Most technologists agree that unified communications (UC) is about unifying real-time and non-real-time communication services with the goal of providing users with a consistent experience -- regardless of the device or medium. Yet when IT leaders start considering a UC strategy, many head straight for the technology, with a view toward speeds and feeds. As a consulting practice leader that puts the needs of people (rather than technology) first, when I hear this, I get nervous.
If the role of IT is really changing to meet with the times and evolving needs of users, why is the approach to new technology still following the "same old" every time?
Why unified communications?
I was recently at a client meeting to discuss a new UC project. Like many other organizations, the client was approaching its needs strictly from a technological perspective.
After listening quietly to their lengthy list of technology requirements and infrastructure limitations, I asked the group, "Imagine we're sitting here one year from now, and you've deployed your UC solution. How would you measure the success?" You could hear a pin drop!
In addition to the sound of silence, I was met with blank stares. My question forced them to pause and reflect. One of the attendees raised his hand and said that to him, success meant having the project roll out on time and on budget. This was another very traditional IT response -- and a tradition I believe we must modernize.
In my experience, most IT leaders focus much more on the "hows" and "whats" of technology, versus the "why." They evaluate which technology is right for voice, and which technology works best for instant messaging. They don't start by asking what users actually want or need -- for example, their motivations for using the technology and what's driving their desire to collaborate more as a team.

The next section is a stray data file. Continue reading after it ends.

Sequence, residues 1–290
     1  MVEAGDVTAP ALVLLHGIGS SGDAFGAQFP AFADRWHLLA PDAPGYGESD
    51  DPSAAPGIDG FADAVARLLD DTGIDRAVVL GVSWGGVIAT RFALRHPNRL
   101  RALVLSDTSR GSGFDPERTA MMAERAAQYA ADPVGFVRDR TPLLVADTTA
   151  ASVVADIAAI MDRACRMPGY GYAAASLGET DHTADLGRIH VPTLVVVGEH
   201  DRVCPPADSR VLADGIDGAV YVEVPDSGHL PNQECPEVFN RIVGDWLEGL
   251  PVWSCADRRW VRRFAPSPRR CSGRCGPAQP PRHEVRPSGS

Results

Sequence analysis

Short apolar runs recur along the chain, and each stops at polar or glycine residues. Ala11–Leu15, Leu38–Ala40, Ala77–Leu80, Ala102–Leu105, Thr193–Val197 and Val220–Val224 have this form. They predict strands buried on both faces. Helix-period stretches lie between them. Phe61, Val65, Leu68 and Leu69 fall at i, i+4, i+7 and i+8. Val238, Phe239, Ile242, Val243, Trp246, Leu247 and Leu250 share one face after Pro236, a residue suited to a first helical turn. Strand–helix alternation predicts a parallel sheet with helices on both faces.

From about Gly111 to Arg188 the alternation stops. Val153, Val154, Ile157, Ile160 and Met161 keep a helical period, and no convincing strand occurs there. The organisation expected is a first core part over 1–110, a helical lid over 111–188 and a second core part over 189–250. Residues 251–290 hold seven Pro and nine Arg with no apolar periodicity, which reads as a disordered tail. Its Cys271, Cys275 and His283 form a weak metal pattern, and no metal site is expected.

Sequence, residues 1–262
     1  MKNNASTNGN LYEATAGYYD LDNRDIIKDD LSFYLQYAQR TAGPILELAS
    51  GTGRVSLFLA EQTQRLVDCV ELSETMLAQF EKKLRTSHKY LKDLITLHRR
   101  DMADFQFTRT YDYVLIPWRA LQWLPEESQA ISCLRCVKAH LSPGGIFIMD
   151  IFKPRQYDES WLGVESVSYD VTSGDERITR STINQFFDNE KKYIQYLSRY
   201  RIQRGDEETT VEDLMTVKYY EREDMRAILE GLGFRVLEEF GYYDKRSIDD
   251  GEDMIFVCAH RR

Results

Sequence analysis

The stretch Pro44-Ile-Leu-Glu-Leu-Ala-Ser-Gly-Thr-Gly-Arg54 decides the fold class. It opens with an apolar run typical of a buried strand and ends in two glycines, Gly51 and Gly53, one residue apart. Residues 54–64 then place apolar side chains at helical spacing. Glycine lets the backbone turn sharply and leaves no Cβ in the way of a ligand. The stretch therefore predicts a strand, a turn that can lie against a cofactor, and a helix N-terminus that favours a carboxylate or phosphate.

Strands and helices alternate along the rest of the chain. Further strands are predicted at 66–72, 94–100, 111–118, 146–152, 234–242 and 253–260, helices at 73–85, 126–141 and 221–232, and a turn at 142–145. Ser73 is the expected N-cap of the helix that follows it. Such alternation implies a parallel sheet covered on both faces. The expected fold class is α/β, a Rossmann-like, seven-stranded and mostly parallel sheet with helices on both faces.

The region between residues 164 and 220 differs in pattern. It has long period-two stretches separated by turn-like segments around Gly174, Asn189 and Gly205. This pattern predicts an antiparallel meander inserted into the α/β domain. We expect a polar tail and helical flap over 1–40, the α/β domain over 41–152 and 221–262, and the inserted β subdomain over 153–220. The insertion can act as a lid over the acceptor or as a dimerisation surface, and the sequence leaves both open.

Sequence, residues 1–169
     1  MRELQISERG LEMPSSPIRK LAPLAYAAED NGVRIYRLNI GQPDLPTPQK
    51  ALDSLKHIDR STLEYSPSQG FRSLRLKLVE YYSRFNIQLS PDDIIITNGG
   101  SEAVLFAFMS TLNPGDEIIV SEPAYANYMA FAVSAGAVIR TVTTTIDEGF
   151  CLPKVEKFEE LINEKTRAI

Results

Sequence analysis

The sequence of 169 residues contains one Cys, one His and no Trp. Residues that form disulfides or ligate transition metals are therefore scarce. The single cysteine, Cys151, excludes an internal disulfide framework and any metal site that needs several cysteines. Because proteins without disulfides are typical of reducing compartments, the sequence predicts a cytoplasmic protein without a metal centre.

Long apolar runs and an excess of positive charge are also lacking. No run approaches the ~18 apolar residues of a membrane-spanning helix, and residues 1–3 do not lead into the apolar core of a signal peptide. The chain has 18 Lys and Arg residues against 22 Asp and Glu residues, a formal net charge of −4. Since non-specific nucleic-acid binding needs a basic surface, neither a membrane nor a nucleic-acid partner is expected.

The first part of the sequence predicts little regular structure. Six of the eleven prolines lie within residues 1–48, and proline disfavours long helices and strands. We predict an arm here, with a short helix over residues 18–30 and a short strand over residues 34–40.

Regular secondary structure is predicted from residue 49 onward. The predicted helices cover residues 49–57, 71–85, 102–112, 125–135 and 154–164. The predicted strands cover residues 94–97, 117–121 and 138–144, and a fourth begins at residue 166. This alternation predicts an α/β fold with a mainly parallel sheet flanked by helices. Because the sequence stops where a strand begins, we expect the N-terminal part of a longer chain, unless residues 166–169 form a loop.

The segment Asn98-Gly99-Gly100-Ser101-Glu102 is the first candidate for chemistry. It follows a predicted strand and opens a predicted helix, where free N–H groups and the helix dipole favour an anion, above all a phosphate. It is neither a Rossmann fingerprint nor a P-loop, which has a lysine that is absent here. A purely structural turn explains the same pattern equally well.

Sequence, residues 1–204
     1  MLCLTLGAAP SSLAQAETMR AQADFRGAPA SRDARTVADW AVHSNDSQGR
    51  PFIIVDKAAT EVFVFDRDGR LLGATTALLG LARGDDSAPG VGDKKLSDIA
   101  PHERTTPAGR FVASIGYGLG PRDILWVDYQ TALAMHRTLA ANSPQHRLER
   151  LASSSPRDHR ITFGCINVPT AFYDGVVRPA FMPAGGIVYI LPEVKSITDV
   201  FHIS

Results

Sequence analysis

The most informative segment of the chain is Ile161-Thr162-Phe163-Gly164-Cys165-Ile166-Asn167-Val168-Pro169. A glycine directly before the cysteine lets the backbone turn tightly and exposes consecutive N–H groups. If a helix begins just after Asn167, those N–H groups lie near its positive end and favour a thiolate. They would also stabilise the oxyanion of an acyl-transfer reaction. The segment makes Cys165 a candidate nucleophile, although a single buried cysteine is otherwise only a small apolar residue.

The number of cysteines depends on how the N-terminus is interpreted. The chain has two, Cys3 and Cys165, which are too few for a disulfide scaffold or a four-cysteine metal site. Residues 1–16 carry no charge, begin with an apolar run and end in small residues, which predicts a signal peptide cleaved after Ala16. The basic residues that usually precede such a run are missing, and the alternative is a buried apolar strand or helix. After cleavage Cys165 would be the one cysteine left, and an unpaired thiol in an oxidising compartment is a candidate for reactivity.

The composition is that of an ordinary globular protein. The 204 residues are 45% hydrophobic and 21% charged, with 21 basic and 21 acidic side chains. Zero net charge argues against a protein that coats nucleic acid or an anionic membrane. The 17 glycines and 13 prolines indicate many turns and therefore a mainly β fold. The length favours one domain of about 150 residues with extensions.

Without fundamentally understanding the why of UC before moving on to the how, IT creates organizational waste in the form of time, energy, and money.
IT enables the business
As their roles continue to evolve, IT leaders must accept they're fast becoming enablers of technology in the enterprise, not just implementers of the technology. In the case of UC, this means IT needs to regularly reach out to business users and understand why UC is necessary to meet their goals and objectives. What does success look like to them?
I believe this is one of the greatest skill gaps in IT today: the ability to broker a conversation with the business that is truly focused on its needs from a business user perspective.
Define UC metrics
Defining the measures of success for a UC project does not come easy. There is a tendency to call out softer, more subjective measures, such as "improved collaboration" and "better customer satisfaction." But unless you are measuring these metrics today in a very specific way, it's unlikely you'll be able to properly quantify success in these areas in the future.
My advice is to come up with a short list of highly objective measures that all stakeholders (primarily your business users) understand. Measure your results and report on how you're performing today, before the project starts. Then once your UC project goes live, report back on those same metrics. This way everyone -- users, business leaders, and IT -- will feel confident in the impact your new UC solution is having.